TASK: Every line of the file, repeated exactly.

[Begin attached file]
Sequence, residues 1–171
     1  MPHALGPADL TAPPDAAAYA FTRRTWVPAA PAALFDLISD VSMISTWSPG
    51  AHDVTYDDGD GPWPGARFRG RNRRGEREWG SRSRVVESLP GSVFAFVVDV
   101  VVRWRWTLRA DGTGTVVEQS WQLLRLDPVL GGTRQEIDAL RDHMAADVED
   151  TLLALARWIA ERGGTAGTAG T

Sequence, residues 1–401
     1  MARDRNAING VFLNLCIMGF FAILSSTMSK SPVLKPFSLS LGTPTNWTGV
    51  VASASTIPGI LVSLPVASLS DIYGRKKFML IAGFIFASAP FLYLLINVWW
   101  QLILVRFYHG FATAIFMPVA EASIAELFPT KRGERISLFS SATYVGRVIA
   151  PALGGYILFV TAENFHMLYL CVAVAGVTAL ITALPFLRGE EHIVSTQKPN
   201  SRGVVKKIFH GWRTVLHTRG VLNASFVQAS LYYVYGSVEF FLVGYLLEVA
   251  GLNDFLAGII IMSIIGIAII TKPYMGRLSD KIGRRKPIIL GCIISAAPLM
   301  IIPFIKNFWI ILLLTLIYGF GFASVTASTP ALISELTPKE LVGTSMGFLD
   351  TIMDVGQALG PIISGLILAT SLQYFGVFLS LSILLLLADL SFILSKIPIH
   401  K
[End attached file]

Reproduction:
Sequence, residues 1–171
     1  MPHALGPADL TAPPDAAAYA FTRRTWVPAA PAALFDLISD VSMISTWSPG
    51  AHDVTYDDGD GPWPGARFRG RNRRGEREWG SRSRVVESLP GSVFAFVVDV
   101  VVRWRWTLRA DGTGTVVEQS WQLLRLDPVL GGTRQEIDAL RDHMAADVED
   151  TLLALARWIA ERGGTAGTAG T

Sequence, residues 1–401
     1  MARDRNAING VFLNLCIMGF FAILSSTMSK SPVLKPFSLS LGTPTNWTGV
    51  VASASTIPGI LVSLPVASLS DIYGRKKFML IAGFIFASAP FLYLLINVWW
   101  QLILVRFYHG FATAIFMPVA EASIAELFPT KRGERISLFS SATYVGRVIA
   151  PALGGYILFV TAENFHMLYL CVAVAGVTAL ITALPFLRGE EHIVSTQKPN
   201  SRGVVKKIFH GWRTVLHTRG VLNASFVQAS LYYVYGSVEF FLVGYLLEVA
   251  GLNDFLAGII IMSIIGIAII TKPYMGRLSD KIGRRKPIIL GCIISAAPLM
   301  IIPFIKNFWI ILLLTLIYGF GFASVTASTP ALISELTPKE LVGTSMGFLD
   351  TIMDVGQALG PIISGLILAT SLQYFGVFLS LSILLLLADL SFILSKIPIH
   401  K